Bill Gross’s Investment Outlook

Bill Gross is a legend in the investing industry. He doesn’t work, though, in the more glamorous equity side of investing. Instead, he is a bond market investor, and has one of the best long term records in the business.

Gross also happens to be an outstanding writer. I envy his ability to say a lot with few words, and to explain complex financial concepts with amusing analogies.

For these reasons, his monthly Investment Outlook is a must read for me. As usual, his Investment Outlook for this month didn’t disappoint.

Gross takes to task the mortgage market, how it has performed and will perform in the future. His conclusion is that the fallout is not over, and that we’re just looking at the tip of the mortgage iceberg.

He believes this is the case because many adjustable rate loans made over the last several years have yet to reset, and when they do, many more homeowners will punt their houses back to the market.

He also indicates that these problems will be felt in the Mortgage Backed Security (MBS) and Collaterlized Debt Obligation (CDO) markets. This, along with legislative action, will tighten credit and limit the number of people who can get new loans.

His conclusion is that the housing market will takes years to work through it’s problems (tougher credit, high inventories of homes for sale, anchoring by home sellers), and that the Federal Reserve may soon cut rates in an attempt to limit such problems now that inflation is looking less threatening (according to their narrow metrics).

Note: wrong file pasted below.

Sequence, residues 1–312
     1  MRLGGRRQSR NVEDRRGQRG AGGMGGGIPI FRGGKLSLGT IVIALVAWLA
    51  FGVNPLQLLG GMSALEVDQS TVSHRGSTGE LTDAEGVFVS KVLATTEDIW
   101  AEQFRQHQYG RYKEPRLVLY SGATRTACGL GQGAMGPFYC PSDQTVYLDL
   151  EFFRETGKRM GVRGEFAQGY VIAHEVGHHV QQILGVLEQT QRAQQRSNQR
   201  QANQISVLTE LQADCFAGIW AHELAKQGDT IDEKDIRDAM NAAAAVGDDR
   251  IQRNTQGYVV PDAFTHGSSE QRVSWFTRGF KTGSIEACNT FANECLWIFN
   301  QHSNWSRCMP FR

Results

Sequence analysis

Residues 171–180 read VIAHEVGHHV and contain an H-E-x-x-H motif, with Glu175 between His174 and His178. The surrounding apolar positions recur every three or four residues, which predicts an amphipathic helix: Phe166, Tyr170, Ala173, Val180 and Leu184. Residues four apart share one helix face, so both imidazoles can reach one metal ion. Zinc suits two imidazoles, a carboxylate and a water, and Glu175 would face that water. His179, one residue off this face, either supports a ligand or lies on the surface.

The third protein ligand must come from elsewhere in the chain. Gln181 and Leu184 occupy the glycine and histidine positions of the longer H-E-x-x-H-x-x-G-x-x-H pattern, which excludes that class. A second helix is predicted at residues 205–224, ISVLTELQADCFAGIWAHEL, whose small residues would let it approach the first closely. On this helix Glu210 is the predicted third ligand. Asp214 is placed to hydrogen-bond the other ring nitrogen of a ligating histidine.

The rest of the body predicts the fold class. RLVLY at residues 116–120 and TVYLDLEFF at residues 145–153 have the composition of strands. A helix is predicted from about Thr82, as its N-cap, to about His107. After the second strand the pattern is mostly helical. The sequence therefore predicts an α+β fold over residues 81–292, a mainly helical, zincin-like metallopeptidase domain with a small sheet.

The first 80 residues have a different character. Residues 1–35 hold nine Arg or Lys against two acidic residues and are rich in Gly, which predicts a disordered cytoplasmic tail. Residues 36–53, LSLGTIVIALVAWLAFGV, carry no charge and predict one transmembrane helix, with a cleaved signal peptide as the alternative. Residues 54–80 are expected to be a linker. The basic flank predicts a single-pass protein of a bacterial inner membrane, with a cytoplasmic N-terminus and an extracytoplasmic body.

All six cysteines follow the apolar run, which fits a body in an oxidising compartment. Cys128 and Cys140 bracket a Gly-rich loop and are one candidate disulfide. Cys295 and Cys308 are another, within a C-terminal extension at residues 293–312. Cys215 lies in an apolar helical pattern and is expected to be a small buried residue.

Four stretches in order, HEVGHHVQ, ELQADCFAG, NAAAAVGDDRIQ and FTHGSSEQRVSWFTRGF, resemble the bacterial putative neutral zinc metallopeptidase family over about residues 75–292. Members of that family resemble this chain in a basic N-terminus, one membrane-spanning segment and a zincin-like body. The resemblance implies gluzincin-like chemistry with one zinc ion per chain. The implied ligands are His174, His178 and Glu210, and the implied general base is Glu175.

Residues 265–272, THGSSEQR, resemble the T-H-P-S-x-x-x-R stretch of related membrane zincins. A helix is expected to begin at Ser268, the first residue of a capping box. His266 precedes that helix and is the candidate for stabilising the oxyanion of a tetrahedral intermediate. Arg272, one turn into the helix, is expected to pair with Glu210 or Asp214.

Am I planning on acting on this advice? I can’t say I am. Unlike a bond market guru with institutional clients who demand short term performance, I don’t need to forecast interest rates or try to guess what the housing market will do. But, I find his thinking very provocative, and it reinforces my desire to stay far away from companies that deal intimately with the housing or mortgage market.

Nothing in this blog should be considered investment, financial, tax, or legal advice. The opinions, estimates and projections contained herein are subject to change without notice. Information throughout this blog has been obtained from sources believed to be accurate and reliable, but such accuracy cannot be guaranteed.

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